Unfortunately that’s about it for good advice, with the wheels falling off with the rest of her suggestions. People with post viral syndromes typically benefit from regular meals rich in fresh fruit and vegetables and with the correct balance of protein, carbohydrate and fat. Although intermittent fasting – she skips breakfast believing this helps to help rebalance her body and reduce toxins – can help aid weight loss in some people, it also raises the level of the stress hormone cortisol and can alter blood glucose levels which is the opposite of what is needed in aiding long Covid recovery. Eating a keto and plant-based diet confers no health benefit in such cases either, drinking water is preferable to, and cheaper than, herbal non-alcoholic cocktails and if you want to supplement your diet you are better off buying a multivitamin from the supermarket. It is when she talks about having an infrared sauna as often as she can ‘in service of healing’ to improve long Covid symptoms that we get into full-blown nonsense territory, with her website talking about the power of sweating to aid detoxing. Unlike traditional saunas, which use heat to warm the air, infrared saunas use infrared light waves to warm the body directly and Paltrow believes this assists the body in ‘lowering the toxic load’. There is no evidence this occurs or that they provide any health benefits, dehydration is a risk for people using them, and the Canadian government has warned against their use in place of proven medical treatments.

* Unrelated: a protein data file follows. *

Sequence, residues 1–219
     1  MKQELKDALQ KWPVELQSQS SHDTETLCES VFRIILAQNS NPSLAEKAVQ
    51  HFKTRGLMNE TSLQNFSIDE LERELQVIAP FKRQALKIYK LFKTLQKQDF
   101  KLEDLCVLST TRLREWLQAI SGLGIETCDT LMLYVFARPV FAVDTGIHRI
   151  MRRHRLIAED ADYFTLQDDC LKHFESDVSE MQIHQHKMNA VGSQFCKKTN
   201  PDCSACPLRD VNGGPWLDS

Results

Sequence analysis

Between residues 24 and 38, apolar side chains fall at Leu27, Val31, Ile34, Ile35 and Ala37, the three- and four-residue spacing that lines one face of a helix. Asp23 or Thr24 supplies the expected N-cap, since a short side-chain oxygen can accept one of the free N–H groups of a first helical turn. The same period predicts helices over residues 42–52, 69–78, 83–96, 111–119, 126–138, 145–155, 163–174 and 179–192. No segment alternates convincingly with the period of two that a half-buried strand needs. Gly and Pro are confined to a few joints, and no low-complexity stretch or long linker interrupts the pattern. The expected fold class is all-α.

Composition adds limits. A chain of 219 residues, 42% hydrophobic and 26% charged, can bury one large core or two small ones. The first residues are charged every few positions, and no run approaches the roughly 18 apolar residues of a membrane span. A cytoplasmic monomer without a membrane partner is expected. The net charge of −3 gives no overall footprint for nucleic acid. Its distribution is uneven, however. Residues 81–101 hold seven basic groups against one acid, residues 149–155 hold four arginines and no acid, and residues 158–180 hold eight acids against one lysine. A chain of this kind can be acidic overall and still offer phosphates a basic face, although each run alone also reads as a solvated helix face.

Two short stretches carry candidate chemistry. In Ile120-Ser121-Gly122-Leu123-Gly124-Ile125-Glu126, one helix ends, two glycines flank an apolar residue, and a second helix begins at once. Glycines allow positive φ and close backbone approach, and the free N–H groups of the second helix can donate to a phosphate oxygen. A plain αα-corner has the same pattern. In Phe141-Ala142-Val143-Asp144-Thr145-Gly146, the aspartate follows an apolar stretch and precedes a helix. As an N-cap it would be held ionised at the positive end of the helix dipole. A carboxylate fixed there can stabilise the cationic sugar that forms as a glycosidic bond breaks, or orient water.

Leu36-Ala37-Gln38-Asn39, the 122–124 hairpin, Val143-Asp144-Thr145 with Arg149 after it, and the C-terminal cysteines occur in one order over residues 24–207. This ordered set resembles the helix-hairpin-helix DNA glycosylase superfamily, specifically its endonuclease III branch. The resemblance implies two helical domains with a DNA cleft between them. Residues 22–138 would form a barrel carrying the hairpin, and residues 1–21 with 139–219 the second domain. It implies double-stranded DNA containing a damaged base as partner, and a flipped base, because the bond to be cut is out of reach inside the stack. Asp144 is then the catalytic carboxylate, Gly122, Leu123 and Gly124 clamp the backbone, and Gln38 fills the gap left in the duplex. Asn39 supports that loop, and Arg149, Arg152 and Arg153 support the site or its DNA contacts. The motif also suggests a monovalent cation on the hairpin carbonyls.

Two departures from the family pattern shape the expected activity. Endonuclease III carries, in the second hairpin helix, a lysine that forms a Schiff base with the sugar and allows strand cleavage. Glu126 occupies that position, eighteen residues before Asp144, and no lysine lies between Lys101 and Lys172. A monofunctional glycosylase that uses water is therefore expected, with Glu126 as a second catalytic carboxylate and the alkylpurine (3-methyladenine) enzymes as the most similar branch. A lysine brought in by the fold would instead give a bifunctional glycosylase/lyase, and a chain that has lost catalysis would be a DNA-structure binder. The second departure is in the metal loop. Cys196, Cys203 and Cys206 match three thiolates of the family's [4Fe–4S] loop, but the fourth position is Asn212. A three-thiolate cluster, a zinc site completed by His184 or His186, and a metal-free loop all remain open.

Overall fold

This has not surprisingly raised the ire of people such as Professor Stephen Powis, national director for NHS England who – with commendable restraint and understatement – stated ‘Some of the solutions she is recommending are really not the solutions we’d recommend in the NHS’. He also talked of the importance of taking long Covid seriously and applying serious science to it. ‘All influencers who use social media have a duty of responsibility and a duty of care around that’ he says.
She has form here. Goop was recently criticised by Sir Simon Stevens, chief executive of NHS England, who talked of ‘dubious wellness products’ promoted by it including psychic vampire repellent and DIY coffee enema machines. In 2018 Goop agreed to pay a substantial settlement over claims it was making about the health benefits of vaginal eggs it was selling, along with a ‘flower essence’ to cure depression. (Should you be minded to do so, you can also buy ‘This Smells Like My Vagina’ and a ‘This Smells Like My Orgasm’ candles on its website).
Whatever the argument about the spread of Covid misinformation, there is a serious point to be made here in that this is a new condition in the early stages of research, and with little government funding to date. This allows dubious health claims to spread more easily than with deeply researched and well understood health conditions. It's a strong incentive – if one were needed – to urgently devote resources to finding treatments for long Covid. Should you be unlucky enough to be suffering from long-term effects of Covid-19, do not struggle in silence but always seek advice from your doctor who can refer you to an appropriate clinic or discuss ways to help improve your symptoms.
And give intuitive fasting and infrared saunas a miss.